Foreign Earned Income Exclusion for US Expats

Even if you’ve moved abroad for a brighter future, you still might have obligations towards the IRS. What happens if you earn income from sources outside the United States? If you live abroad, you might qualify for the foreign earned income exclusion (FEIE). This article explains what FEIE is and how it works, and provides some examples of situations where you might benefit from claiming it.

The U.S. retains its right to tax citizens and Green Card holders who live abroad and they must file their taxes even if they’re not physically present in the country. The foreign earned income exclusion (FEIE) allows U.S. taxpayers to exclude from their taxable income certain amounts they earn outside the United States. The FEIE was created in 1954 to relive American Citizens from the burden of double taxation when they move overseas.


The Foreign Earned Income Exclusion is an IRS exclusion that American expats can use to reduce their taxable income (or in some cases completely eliminate) i.e. their U.S. tax owing. It is the most common and the most widely used tool to reduce US expat tax owing that the IRS offers.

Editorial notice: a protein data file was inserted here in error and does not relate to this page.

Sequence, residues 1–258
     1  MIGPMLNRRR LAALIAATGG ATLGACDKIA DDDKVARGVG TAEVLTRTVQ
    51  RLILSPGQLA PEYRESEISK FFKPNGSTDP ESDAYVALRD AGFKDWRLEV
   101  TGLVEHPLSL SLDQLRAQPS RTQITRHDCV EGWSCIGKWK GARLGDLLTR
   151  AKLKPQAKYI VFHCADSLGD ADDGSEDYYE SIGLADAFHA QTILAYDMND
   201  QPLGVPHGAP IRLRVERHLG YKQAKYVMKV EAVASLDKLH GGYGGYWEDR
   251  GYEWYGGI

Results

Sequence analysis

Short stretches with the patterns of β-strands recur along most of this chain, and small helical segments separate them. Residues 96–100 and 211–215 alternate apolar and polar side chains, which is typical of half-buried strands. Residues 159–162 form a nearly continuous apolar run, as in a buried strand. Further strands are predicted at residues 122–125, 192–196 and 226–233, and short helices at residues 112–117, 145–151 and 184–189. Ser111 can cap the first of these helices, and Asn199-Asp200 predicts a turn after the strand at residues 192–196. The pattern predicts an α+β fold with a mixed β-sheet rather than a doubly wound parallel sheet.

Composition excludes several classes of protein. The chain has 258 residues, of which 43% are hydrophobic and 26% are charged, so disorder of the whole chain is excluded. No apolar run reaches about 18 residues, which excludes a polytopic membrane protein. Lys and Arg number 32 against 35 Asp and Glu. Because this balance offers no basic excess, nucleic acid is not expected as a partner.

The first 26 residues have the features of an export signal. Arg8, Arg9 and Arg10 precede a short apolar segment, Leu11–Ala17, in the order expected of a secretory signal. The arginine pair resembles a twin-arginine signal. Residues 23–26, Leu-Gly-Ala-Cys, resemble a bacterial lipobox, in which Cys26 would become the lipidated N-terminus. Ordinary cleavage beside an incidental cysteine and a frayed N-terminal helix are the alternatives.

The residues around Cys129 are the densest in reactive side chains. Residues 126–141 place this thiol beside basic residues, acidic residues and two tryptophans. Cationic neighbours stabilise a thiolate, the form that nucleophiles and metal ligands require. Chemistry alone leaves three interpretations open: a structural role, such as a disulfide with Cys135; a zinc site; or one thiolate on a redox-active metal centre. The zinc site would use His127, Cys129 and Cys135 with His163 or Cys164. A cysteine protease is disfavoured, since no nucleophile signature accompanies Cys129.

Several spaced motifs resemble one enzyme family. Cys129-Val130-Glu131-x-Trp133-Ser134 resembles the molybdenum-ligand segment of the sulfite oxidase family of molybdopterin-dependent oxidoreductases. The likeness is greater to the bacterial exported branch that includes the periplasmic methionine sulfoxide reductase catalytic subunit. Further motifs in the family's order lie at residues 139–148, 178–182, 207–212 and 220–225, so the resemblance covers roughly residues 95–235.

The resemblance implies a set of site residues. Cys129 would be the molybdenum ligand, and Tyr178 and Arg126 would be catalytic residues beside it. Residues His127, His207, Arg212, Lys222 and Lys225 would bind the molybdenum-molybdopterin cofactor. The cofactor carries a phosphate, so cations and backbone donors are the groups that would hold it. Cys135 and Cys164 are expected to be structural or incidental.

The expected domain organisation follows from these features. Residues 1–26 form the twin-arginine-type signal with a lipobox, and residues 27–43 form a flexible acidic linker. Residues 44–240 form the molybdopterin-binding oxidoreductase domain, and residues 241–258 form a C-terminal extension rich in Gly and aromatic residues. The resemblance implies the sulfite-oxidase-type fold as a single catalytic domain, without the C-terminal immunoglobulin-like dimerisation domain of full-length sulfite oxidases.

You don’t automatically receive the benefit of FEIE by just living abroad — you must meet specific qualifications which we will discuss later and submit the Form 2555.


U.S. citizens and resident aliens who meet certain requirements to exclude up to $120,000 of foreign-earned income in 2023 (The FEIE is adjusted every year for inflation). If used correctly, the FEIE can help you save thousands of dollars on your US taxes.

The maximum exclusion for 2024 is $126,500. If you’re filing under the married filing jointly status and your spouse also meets the FEIE requirements, you can exclude up to $253,000 of your foreign income in 2024.


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The Refundable Additional Child Tax Credit Guide For Expats

Navigating the labyrinthine U.S. tax system is challenging enough for American taxpayers living stateside, let alone for those residing abroad. One often-overlooked benefit that can make a significant difference on your expat tax return is the Refundable Additional Child Tax Credit (ACTC). This article aims to provide a comprehensive understanding of this credit, its refundable nature, and why it’s particularly beneficial for U.S. expats.